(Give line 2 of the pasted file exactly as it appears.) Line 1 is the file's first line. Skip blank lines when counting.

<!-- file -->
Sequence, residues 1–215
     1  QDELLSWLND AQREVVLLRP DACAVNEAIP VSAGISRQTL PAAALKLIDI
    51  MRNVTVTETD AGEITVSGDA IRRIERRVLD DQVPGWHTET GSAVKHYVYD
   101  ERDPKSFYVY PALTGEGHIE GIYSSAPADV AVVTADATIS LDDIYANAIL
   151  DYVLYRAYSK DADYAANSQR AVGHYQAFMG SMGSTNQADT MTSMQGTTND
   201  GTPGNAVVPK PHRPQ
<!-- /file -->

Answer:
     1  QDELLSWLND AQREVVLLRP DACAVNEAIP VSAGISRQTL PAAALKLIDI